Daily Management Review

Global Economy Will Have A Tougher Year In 2023, Warns IMF's Georgieva


Global Economy Will Have A Tougher Year In 2023, Warns IMF's Georgieva
The main engines of global growth – the United States, Europe, and China – will all experience weakening activity in 2023, according to the head of the International Monetary Fund on Sunday.
The new year will be "tougher than the year we leave behind," IMF Managing Director Kristalina Georgieva said on CBS's "Face the Nation" Sunday morning news program.
"Why? Because the three big economies - the U.S., EU and China - are all slowing down simultaneously," she said.
The IMF cut its forecast for global economic growth in 2023 in October, citing the ongoing drag from the Ukraine war, as well as inflationary pressures and the high interest rates engineered by central banks such as the US Federal Reserve to counteract those price pressures.
Since then, China has abandoned its zero-COVID policy and begun a chaotic reopening of its economy, though consumers in the country remain cautious as coronavirus cases rise. President Xi Jinping called for more effort and unity in his first public remarks since the policy change in a New Year's address on Saturday, as China enters a "new phase."
"For the first time in 40 years, China's growth in 2022 is likely to be at or below global growth," Georgieva said.
Furthermore, a "bushfire" of COVID infections expected in the coming months is likely to wreak havoc on the country's economy this year, weighing on both regional and global growth, according to Georgieva, who visited China on IMF business late last month.
"I was in China last week, in a bubble in a city where there is zero COVID," she said. "But that is not going to last once people start traveling."
"For the next couple of months, it would be tough for China, and the impact on Chinese growth would be negative, the impact on the region will be negative, the impact on global growth will be negative," she said.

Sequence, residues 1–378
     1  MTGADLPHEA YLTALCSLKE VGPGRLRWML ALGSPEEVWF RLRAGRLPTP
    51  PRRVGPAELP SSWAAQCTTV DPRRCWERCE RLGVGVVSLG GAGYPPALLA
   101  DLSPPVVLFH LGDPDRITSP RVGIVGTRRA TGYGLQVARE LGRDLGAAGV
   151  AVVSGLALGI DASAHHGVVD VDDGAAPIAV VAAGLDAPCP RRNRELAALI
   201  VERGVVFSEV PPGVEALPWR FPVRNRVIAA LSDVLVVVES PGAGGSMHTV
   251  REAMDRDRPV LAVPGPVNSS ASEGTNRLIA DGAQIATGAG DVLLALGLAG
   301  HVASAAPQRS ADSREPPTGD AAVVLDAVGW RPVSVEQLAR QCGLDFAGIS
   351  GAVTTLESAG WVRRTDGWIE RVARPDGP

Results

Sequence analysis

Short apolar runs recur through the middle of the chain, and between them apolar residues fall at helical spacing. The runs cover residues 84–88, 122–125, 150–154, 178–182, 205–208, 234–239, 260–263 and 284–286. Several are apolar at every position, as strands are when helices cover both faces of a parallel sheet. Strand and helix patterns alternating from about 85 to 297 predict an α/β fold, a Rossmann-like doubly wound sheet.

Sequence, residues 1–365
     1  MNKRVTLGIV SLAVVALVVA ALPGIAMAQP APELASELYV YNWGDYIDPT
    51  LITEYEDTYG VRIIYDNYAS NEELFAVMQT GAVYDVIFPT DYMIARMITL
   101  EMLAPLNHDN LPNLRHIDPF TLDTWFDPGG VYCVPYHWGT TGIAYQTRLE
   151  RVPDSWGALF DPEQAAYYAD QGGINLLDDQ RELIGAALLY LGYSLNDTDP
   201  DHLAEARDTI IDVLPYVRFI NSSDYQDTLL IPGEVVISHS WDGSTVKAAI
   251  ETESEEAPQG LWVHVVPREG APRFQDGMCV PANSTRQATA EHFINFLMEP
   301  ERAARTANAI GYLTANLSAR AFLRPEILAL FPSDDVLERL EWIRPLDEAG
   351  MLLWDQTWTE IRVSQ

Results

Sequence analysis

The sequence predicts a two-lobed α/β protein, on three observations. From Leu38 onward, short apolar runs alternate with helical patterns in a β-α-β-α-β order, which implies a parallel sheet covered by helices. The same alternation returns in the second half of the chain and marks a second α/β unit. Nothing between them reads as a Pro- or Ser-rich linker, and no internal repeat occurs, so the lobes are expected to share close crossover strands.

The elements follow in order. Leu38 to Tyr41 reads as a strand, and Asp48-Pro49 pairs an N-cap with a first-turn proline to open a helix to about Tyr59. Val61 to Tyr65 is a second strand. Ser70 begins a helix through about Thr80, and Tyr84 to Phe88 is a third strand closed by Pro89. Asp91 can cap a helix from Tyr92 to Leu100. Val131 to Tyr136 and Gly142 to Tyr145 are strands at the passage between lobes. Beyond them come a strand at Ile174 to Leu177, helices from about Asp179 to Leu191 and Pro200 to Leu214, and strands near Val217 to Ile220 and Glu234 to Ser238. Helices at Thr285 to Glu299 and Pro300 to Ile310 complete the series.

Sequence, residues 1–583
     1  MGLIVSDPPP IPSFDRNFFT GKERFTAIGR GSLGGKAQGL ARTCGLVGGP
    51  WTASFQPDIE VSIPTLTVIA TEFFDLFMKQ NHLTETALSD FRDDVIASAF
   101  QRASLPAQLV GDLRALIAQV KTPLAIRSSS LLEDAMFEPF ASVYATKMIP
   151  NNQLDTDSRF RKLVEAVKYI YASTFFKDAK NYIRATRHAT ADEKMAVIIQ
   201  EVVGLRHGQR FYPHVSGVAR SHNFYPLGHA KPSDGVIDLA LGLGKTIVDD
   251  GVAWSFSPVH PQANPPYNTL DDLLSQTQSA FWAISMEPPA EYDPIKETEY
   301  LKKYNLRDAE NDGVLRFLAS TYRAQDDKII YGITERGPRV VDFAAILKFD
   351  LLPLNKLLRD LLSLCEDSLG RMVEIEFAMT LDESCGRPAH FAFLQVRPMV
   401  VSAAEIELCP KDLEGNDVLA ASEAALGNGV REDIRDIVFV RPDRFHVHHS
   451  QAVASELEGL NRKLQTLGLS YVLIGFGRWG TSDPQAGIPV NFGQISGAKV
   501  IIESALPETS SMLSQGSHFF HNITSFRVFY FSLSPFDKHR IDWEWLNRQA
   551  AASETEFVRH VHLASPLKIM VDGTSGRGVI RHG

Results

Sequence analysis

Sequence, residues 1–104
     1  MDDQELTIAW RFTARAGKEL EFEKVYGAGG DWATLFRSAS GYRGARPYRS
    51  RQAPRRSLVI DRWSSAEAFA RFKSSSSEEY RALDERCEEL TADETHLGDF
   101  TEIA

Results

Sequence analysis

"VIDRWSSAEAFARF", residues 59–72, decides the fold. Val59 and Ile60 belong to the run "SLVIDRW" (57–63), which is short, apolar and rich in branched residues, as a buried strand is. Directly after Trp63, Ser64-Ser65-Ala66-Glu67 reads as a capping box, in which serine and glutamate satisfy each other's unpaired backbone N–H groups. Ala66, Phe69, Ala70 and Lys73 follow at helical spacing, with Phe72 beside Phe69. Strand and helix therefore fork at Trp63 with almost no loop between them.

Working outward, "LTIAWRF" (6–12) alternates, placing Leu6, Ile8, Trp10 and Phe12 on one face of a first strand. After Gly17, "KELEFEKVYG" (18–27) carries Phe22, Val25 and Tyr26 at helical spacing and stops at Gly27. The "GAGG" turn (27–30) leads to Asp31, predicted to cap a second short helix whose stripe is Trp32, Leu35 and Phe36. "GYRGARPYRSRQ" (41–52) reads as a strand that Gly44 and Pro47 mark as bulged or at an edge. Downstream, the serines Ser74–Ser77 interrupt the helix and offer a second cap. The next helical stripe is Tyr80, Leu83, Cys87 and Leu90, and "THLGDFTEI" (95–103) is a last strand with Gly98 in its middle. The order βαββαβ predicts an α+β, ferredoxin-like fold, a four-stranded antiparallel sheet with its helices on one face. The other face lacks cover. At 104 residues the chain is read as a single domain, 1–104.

The IMF forecasted Chinese GDP growth last year at 3.2% in October, which was in line with the fund's global outlook for 2022. It also predicted that annual growth in China would accelerate to 4.4% in 2023, while global activity would slow further.
Her remarks, however, imply that another cut to both China and global growth forecasts is possible later this month, when the IMF typically releases updated forecasts during the World Economic Forum in Davos, Switzerland.
Meanwhile, the US economy, according to Georgieva, is standing out and may avoid the outright contraction that is expected to affect up to a third of the world's economies.
The "U.S. is most resilient," she said, and it "may avoid recession. We see the labor market remaining quite strong."
However, this fact alone poses a risk because it may stymie the Fed's efforts to return US inflation to its target level after reaching its highest level in four decades last year. As 2022 came to a close, inflation appeared to have peaked, but by the Fed's preferred measure, it was still nearly three times the 2% target.
"This is ... a mixed blessing because if the labor market is very strong, the Fed may have to keep interest rates tighter for longer to bring inflation down," Georgieva said.
The Fed raised its benchmark policy rate from near zero in March to the current range of 4.25% to 4.50% last year, in the most aggressive policy tightening since the early 1980s, and Fed officials last month projected it will breach the 5% mark in 2023, a level not seen since 2007.
Indeed, the job market in the United States will be a central focus for Fed officials who want to see labor demand fall to help alleviate price pressures. The first week of the new year brings a slew of key employment data, including Friday's monthly nonfarm payrolls report, which is expected to show the US economy added 200,000 jobs in December and the unemployment rate remained at 3.7% - near the lowest since the 1960s.